Tax treatment of equipment trade-ins got a tune-up in 2017’s tax reform legislation. Experts say provisions restricting like-kind exchanges for machinery are offset by more generous rules on depreciation, resulting in little change to federal tax returns.
The complication: many states didn’t follow suit, especially on like-kind exchanges, which are also known as 1031 exchanges and allow taxpayers to trade equivalent properties without a taxable event taking place.
“In my state, Minnesota, if the legislature does not fix the 1031 issue we may have farmers owing more to the state than to the IRS, said Rod Mauszycki, principal with CliftonLarsonAllen in Minneapolis, and DTN/The Progressive Farmer’s tax columnist. “Although I’m confident that a fix will be adopted, it might not be quick enough. As a result, we may have to delay filing the 2018 tax returns.”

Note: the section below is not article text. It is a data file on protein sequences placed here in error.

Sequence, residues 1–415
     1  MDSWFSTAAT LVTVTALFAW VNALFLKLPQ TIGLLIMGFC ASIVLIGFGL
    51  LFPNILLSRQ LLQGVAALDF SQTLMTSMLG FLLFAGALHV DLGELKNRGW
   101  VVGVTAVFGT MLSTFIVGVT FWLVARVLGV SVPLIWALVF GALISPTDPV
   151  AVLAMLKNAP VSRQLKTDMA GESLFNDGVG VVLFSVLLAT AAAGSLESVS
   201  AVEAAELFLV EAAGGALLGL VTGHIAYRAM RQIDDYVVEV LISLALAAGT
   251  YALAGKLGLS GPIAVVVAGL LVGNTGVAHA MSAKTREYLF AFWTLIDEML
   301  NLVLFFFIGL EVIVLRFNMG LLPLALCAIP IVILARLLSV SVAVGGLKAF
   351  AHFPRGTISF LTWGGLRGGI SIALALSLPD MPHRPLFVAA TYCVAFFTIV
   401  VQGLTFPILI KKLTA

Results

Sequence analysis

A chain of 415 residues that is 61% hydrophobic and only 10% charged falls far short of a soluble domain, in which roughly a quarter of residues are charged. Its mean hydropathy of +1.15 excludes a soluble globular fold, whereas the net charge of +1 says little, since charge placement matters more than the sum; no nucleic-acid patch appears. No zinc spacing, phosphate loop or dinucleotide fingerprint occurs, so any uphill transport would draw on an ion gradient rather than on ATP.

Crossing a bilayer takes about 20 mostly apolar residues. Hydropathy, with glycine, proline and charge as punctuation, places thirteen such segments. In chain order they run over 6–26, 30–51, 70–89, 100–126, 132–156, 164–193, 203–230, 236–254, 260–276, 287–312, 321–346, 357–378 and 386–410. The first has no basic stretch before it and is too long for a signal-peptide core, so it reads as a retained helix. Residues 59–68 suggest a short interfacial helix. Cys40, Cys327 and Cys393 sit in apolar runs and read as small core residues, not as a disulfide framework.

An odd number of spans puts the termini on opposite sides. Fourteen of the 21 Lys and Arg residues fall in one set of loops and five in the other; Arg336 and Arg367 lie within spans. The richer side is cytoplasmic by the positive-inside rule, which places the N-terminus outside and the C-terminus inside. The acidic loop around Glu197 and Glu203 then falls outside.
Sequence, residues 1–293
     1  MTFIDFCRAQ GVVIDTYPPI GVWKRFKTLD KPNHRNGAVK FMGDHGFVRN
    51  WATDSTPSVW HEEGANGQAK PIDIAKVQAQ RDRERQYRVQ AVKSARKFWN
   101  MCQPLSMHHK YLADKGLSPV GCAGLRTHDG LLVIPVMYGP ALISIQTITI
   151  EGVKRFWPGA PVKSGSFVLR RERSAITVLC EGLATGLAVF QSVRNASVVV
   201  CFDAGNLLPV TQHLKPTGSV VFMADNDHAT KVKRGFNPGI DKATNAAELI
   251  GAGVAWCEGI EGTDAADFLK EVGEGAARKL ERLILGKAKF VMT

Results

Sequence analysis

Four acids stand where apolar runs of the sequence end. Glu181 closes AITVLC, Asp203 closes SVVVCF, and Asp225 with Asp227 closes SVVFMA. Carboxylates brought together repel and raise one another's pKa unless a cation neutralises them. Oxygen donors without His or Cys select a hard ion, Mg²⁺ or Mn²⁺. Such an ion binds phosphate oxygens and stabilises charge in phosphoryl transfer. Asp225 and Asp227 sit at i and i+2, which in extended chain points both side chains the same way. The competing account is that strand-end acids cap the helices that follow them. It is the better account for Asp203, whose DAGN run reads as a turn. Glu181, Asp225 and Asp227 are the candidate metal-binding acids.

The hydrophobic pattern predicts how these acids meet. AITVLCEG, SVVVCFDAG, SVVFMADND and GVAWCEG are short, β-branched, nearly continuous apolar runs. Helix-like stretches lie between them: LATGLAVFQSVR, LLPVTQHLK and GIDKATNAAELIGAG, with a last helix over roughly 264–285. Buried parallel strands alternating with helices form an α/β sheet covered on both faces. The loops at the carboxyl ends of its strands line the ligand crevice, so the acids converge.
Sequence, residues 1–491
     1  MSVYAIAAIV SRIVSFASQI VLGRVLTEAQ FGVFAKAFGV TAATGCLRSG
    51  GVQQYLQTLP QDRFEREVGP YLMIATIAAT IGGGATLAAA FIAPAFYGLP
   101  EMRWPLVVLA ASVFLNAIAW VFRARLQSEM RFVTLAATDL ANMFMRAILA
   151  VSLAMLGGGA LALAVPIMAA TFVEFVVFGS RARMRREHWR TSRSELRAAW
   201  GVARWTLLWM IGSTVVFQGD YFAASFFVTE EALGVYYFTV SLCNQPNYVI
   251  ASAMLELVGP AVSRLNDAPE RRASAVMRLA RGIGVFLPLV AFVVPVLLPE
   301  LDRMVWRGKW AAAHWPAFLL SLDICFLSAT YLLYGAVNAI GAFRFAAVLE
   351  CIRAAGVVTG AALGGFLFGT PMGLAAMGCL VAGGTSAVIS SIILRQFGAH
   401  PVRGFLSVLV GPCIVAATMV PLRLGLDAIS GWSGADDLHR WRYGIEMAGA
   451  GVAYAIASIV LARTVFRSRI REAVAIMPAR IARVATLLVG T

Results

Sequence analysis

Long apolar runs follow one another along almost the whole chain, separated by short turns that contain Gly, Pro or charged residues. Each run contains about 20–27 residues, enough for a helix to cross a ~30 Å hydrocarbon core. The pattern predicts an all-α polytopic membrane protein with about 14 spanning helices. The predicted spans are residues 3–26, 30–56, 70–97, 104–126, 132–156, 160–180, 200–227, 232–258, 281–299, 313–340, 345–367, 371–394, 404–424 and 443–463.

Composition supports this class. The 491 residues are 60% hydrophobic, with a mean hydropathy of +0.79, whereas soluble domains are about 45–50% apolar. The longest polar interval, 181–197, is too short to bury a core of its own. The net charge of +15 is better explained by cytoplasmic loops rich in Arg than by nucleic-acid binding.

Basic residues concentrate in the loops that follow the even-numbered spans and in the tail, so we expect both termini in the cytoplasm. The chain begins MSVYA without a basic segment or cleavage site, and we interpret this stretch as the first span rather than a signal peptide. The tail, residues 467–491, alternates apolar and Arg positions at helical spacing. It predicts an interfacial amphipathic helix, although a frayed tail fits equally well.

Without 1031 exchanges, the tax treatment of trade-ins becomes more complicated. It’s just one way changes to the tax code are forcing farmers to change their mindset. In this four-part series, DTN explains how to maximize deductions by avoiding losses, how to navigate new rules for equipment and why it might be a good time to change your farm’s corporate structure to take advantage of lower tax rates and reconsider gifting strategies.
TWO TRANSACTIONS FOR TAX PURPOSES OFFSET BY BETTER DEPRECIATION